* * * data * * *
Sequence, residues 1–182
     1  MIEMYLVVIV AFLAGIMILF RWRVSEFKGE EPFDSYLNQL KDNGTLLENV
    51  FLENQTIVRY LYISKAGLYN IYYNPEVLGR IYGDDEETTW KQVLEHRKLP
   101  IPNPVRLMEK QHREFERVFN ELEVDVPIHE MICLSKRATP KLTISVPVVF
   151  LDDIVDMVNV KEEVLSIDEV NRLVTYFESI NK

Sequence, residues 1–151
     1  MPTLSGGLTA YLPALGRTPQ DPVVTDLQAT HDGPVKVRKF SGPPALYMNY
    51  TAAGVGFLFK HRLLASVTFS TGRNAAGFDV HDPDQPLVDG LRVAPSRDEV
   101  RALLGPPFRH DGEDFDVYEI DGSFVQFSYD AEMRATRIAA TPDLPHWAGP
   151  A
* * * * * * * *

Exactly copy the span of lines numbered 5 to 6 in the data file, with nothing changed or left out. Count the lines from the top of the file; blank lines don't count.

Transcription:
   151  LDDIVDMVNV KEEVLSIDEV NRLVTYFESI NK

Sequence, residues 1–151